That is a good question. So far, it has worked. Actually, I am not even sure how airtight it is but it does have a lid and I see condensation on it. My main interest now is the fridge. Everytime I fermented dough inside, it did not rise. Once, it was covered with a tea towel, and the next inside my bowl.

      I would love to try your biscuits, Anne. These are very English, aren’t they?

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      1. Nathaniel lives three hours away, so he rarely cooks for us. He had all his cooking labs the first two years and got a certificate for that. He could work in any restaurant right now. The last two years he’s had courses in management and accounting.
        Biscuits are probably related to scones from Scotland, although ours are not sweet and do not have dried fruit in them. If you are EVER in North Carolina, I would love to bake some biscuits for you. Of course, that means you would have to visit us, as well. We would love that.

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        1. Love how well-rounded his schooling is. I am so curious about working in a restaurant or cafe, too. I hope to read about some of his experiences from you. And I will screenshot this invitation so you cannot take it back! Haha. I would love to have biscuits and tea with you once we make it to your side of the world. Thank you so much for your lovely comment. It made me smile really big.

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          1. Nathaniel worked at a local steak house for two or three summers. He was hired to do prep work, but he worked the line a number of times. Cheesecake was one of the desserts on the menu, and he occasionally baked them. He had to follow the house recipe, so he couldn’t try anything new.
            I laughed that you thought of taking a screenshot of the invitation. It would be such wonderful fun to spend a few days with y’all.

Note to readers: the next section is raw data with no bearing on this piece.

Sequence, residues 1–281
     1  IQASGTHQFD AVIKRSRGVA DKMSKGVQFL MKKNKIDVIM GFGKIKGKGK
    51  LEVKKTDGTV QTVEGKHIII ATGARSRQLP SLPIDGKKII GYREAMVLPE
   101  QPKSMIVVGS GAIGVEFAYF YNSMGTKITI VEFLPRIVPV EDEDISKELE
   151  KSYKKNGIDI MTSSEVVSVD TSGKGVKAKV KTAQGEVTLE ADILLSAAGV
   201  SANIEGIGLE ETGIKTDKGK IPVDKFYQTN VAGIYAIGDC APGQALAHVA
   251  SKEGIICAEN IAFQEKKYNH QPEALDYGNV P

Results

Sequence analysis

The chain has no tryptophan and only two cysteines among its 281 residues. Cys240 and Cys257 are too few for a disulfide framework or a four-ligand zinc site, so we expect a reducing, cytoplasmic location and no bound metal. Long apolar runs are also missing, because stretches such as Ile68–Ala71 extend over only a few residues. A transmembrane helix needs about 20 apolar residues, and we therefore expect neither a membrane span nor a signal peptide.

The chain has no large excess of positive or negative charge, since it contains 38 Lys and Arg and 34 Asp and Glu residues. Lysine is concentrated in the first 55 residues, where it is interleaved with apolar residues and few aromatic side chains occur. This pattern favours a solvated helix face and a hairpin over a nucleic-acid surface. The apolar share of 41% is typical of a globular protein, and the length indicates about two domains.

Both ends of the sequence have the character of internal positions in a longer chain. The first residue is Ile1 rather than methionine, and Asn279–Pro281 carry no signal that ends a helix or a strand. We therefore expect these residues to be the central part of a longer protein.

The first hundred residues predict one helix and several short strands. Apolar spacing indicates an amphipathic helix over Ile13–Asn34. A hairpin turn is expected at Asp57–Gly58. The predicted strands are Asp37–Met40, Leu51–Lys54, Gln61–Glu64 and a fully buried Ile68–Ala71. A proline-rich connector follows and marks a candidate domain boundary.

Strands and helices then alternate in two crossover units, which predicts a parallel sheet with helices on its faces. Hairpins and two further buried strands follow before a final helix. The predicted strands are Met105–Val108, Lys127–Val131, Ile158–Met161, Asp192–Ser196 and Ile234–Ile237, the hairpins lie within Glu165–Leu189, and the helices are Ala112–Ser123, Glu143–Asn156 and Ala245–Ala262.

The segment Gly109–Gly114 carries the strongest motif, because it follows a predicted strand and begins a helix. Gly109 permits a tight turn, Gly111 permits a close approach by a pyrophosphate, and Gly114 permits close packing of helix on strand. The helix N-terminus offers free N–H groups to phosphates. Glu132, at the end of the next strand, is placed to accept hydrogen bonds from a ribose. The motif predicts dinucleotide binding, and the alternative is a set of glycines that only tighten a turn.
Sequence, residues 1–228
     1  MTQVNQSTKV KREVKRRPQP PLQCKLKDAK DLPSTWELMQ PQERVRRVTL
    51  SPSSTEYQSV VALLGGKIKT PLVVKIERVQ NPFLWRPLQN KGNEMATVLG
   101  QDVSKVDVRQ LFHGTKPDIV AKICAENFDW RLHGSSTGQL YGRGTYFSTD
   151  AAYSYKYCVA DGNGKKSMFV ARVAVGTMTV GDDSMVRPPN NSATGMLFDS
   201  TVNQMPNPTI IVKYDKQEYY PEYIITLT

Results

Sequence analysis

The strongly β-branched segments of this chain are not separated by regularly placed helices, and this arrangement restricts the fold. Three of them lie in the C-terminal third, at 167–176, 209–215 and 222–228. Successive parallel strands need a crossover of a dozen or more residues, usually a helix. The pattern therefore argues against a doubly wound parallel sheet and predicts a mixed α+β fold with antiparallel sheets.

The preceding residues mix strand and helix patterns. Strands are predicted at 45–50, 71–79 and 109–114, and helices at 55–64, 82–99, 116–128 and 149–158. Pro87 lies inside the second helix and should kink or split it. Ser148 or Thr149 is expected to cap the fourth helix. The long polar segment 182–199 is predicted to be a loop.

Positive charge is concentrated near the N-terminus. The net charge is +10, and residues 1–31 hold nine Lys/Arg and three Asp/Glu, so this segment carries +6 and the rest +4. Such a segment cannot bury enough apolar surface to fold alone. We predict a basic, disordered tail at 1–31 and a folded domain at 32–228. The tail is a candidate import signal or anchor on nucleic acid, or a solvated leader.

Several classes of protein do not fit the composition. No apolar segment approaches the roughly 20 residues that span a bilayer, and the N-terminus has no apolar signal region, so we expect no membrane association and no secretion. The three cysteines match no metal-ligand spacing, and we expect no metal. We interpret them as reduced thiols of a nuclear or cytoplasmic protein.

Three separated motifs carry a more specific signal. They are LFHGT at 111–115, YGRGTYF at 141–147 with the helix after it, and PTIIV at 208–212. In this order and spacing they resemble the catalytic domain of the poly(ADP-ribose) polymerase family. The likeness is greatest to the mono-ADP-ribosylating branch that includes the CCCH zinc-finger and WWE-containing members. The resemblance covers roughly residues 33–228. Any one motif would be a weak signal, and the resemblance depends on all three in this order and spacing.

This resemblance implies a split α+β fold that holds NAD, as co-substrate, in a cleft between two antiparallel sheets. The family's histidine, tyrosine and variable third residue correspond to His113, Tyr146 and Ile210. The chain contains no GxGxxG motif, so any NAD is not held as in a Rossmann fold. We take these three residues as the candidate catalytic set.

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            1. I envy his experiences! One day, I hope to see what a professional kitchen is like. And yes, it would be cool to meet. In the past, I have met blog friends, too, and they were just like the persona in their blog. Very fun!

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          1. There are so many types of German bread and many consider it the best in the world. The first I ever tasted was a very heavy rye bread, almost black in colour. At first I didn’t like it but grew to love all sorts later. Brötchen should be light, although individual bakers will always have their own favourite recipe. Good luck in perfecting your very own version.

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            1. Thanks! I think I have tried this dark rye bread. The ones that come in thin slices from the store. I do not enjoy them very much either. But I am impressed by how much flour variety is readily available here. Not so much in The Ph.

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  6. Amazing experimentation you’re doing, I love that you’re sticking with it until you get it right! Sounds like a true bread 🥖 maker! I know nothing about it although I love to bake ☺️ Thanks for sharing about this bread journey, it sounds so creative and fun! PS I also love Nancy Silverton!

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    1. Thank you for your support. I am learning and the learning curve is high! To me, bread is deceptively simple, just water, flour, salt , and yeast, but it has a life of its own and it does what it does. What do you love to bake most?

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      1. Yeah I’m scared to start the bread journey but I may someday. I love doing cakes and cookies. And I typically follow recipes but I’m just starting to try to create my own recipes. Next up I’m going to try Black Forest cookies (chocolate and cherries) using my own recipe! Wish me luck, it’s so fun and I LOVE to eat baked goods, so… 😬🥰

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  7. It looks to me that you are a baker! Yummy yum for any of those little lo buns. I’m afraid I don’t think much about bread, I eat it and my wife says I eat too much! 🤣😋🙋‍♂️ Doh!